When I was growing up, I was taught that the robin was a member of the thrush family, along with the blackbird, song thrush and fieldfare. This had been the prevailing view since the 1800s. It’s easy to see why early classification experts made this decision. Like many thrushes, the robin haunts gardens where it chases after worms and insects. The robin sings beautifully, as does the blackbird and the song thrush, and like them skulks in the undergrowth for food; it is monogamous, and when perturbed it erects its tail and gives an alarm call as blackbirds do. Although the robin is smaller than thrushes found in the UK, it might be said to have a crudely similar shape.
However, most of these apparent similarities between the robin and members of the thrush family are behavioural, and are not necessarily evidence of a close genetic link or a ‘familial relationship’.
The study of wildlife classification is called taxonomy, and these days the scientists involved have a great deal more to help them make decisions than observation alone. For example, DNA analysis can demonstrate just how closely related one species is to another. The International Ornithological Congress (IOC) now keeps a website showing the currently accepted classification for all birds.
In the 18th century, when Linnaeus first devised the binomial system of Latin names used to identify every species, the robin was originally put into a quite large family of birds that included wagtails and wrens. During the 19th century, this error was realised and it was then that robins were denoted as thrushes.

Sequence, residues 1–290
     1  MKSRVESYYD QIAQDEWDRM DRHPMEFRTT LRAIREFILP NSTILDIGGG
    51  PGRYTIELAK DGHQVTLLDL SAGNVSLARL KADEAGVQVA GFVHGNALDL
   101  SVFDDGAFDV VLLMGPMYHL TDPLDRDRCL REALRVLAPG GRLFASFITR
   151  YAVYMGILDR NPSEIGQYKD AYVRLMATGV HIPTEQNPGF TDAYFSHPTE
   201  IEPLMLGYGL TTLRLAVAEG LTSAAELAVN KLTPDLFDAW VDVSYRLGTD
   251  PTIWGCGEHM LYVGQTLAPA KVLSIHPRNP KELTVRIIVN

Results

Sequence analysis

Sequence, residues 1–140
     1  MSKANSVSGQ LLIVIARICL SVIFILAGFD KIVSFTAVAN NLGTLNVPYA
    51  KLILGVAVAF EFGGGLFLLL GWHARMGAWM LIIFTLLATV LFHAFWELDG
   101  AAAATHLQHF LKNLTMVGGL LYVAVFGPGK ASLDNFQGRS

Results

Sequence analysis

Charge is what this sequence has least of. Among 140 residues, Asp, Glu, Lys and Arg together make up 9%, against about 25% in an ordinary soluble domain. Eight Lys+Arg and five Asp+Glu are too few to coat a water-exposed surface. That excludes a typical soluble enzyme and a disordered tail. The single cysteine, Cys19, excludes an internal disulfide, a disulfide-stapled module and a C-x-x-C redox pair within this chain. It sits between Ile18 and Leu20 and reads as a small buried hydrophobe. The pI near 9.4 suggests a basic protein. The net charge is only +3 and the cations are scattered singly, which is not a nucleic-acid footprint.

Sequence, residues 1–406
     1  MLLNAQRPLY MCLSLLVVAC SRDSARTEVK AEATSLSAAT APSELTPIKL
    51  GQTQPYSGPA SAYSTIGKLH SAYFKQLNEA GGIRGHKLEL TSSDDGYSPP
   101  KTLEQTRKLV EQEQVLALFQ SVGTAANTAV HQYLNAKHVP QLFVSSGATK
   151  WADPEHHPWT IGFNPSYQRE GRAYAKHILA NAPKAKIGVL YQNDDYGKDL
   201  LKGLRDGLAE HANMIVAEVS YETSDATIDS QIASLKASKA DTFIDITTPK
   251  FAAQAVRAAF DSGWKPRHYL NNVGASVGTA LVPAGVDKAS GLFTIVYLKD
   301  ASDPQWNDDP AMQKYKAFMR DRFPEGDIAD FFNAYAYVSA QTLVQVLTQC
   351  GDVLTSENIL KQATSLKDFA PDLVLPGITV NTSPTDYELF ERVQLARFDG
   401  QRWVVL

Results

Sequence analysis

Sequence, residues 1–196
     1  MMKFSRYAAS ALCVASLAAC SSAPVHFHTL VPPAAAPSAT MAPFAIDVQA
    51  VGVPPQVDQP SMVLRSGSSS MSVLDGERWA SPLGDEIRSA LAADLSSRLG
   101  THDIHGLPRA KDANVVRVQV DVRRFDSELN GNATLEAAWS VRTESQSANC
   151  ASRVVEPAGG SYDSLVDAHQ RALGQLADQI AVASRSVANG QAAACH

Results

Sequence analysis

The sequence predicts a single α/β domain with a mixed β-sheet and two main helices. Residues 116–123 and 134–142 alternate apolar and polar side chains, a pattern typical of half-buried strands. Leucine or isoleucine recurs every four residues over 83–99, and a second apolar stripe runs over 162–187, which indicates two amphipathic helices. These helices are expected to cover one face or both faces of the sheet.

Using more careful study than was possible in the past, including genetic analysis, it has been shown that the robin is actually in the family as birds known as chats and African flycatchers. To be technical about it, this family is called the Muscicapidae [‘muss–key–cap–ee–dye’], whereas the thrushes are in a family called Turdidae [‘turd–ee–dye’].
The robin is not the only familiar British bird to be placed in the Muscicapidae. As their names suggest, the stonechat and the whinchat are in this ‘chat’ family too. You can see a physical resemblance when you compare them, and also when you look at members of the chat family from Africa as their size and body shape is similar.
It’s a different story for the American robin. This bird was named by early settlers after its European counterpart because it has a red breast. It is a bigger bird, and it is in fact a true member of the thrush family. There is also a whole family of beautiful birds in the southern hemisphere known as Australasian robins, but these are in yet another completely different family. Our European robin is not closely related to any of these.
So remember, when you next see a robin you are looking at a ‘chat’ not a ‘thrush’, and that the stonechat is a closer cousin than the blackbird.